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With an 8-0 vote, the Salt Lake County council Tuesday gave preliminary approval to legislation that would protect individuals from being fired or being turned away from housing on the basis of their sexual orientation or gender identity.
"It seems to be noncontroversial," said Democratic council chairman Joe Hatch (pictured) on the expedited vote, reports The Salt Lake Tribune.
While receiving bipartisan support in the council, the ordinances did draw criticism from the Sutherland Institute, a Utah-based conservative think tank. The new ordinances make exceptions for religious institutions, small businesses, and landlords with few units, but the group also wants exceptions for religious individuals who object to hiring or housing someone because of a person's sexual orientation.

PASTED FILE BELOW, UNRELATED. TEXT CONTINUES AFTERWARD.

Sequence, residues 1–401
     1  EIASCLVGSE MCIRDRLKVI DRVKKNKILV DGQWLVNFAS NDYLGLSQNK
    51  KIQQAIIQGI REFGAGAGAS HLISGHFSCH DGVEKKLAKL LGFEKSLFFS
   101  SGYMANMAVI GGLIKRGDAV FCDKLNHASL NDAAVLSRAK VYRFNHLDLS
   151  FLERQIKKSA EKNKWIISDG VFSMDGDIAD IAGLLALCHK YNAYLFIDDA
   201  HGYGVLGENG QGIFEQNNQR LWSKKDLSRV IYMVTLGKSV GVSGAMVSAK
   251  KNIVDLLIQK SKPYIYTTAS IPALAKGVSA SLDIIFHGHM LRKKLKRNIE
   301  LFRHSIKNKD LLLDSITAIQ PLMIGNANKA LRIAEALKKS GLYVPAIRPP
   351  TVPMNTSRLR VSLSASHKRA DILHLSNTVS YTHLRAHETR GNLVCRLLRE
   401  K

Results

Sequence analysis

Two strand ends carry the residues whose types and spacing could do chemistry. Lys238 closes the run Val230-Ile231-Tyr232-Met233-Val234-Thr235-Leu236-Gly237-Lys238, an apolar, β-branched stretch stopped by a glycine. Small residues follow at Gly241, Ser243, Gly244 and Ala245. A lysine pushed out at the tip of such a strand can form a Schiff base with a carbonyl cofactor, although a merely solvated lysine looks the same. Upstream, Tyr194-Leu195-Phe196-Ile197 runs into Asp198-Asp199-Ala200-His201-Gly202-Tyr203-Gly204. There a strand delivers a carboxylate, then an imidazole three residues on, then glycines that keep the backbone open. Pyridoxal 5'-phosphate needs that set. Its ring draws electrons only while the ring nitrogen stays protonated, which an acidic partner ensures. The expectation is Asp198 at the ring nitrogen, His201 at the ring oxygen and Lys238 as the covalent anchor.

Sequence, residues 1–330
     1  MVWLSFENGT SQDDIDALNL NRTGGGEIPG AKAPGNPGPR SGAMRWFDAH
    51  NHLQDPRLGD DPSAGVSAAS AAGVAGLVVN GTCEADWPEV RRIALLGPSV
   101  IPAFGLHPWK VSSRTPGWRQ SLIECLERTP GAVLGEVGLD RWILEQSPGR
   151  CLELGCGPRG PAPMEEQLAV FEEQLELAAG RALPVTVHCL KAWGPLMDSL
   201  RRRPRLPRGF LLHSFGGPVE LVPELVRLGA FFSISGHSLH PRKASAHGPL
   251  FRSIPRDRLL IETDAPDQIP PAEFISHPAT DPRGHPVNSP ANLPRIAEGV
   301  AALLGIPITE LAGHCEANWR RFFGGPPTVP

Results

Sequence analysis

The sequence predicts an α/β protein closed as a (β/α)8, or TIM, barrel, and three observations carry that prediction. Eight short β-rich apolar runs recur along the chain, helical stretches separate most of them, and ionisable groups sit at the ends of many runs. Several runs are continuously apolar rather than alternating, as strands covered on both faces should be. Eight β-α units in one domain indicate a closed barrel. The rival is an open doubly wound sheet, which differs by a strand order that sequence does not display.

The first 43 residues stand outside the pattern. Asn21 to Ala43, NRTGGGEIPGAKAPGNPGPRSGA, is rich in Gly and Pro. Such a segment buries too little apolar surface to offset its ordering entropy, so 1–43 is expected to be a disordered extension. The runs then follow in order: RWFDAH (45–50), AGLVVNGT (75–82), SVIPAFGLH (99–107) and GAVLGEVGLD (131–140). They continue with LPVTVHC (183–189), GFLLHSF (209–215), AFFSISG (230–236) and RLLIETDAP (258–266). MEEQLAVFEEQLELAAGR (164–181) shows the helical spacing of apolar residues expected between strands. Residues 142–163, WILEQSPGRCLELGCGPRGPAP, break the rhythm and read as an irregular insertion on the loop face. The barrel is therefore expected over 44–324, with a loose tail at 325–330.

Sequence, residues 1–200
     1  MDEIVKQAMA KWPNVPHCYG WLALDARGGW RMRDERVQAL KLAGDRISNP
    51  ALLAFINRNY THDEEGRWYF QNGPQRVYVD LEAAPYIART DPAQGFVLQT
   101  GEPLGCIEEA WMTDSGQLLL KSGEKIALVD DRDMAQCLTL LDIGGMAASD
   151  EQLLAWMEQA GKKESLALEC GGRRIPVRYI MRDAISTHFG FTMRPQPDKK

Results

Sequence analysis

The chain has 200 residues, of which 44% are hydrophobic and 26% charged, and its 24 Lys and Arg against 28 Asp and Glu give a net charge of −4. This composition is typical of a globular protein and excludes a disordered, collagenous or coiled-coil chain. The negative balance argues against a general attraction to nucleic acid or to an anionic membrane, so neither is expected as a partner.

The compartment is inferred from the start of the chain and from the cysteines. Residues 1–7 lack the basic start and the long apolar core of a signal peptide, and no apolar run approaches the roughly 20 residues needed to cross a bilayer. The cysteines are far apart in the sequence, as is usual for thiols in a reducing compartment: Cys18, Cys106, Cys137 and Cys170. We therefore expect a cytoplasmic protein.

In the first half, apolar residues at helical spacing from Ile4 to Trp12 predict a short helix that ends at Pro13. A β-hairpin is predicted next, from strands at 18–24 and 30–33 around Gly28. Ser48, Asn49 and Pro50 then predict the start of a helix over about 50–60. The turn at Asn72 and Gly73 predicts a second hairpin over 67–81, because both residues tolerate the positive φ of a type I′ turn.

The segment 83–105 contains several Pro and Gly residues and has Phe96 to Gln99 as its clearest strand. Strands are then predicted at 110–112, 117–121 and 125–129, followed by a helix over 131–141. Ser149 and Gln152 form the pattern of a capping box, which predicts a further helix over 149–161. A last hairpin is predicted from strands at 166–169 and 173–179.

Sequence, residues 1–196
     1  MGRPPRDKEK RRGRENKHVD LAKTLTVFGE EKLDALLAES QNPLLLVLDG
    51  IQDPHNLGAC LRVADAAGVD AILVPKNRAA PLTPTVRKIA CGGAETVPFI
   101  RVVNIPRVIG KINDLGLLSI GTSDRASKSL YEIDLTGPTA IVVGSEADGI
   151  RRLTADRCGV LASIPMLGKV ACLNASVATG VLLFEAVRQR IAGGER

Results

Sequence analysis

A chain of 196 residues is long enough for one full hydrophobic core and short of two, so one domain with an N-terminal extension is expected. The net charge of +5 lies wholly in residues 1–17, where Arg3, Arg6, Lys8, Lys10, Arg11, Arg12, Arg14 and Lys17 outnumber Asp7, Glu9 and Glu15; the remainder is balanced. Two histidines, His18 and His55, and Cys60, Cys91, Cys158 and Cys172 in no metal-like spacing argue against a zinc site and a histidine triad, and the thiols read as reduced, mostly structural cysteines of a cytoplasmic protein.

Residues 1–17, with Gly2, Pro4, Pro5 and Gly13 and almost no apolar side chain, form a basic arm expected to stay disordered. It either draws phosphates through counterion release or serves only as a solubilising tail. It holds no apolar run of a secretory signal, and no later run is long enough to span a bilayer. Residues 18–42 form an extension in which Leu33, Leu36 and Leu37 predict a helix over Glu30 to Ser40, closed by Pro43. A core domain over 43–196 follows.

"If a gay employee or gay tenant can unilaterally invoke the protections of these ordinances, unconditionally, isn't it only fair and reasonable that a person of faith should be allowed to unilaterally invoke the same laws' protections, unconditionally, just as that person's church is allowed to do?" said Sutherland president Paul Mero in a press release on the group's website.
The ordinances will apply to approximately 170,000 people. After Tuesday's vote, the county council must formally approve the measures in January before they can become law.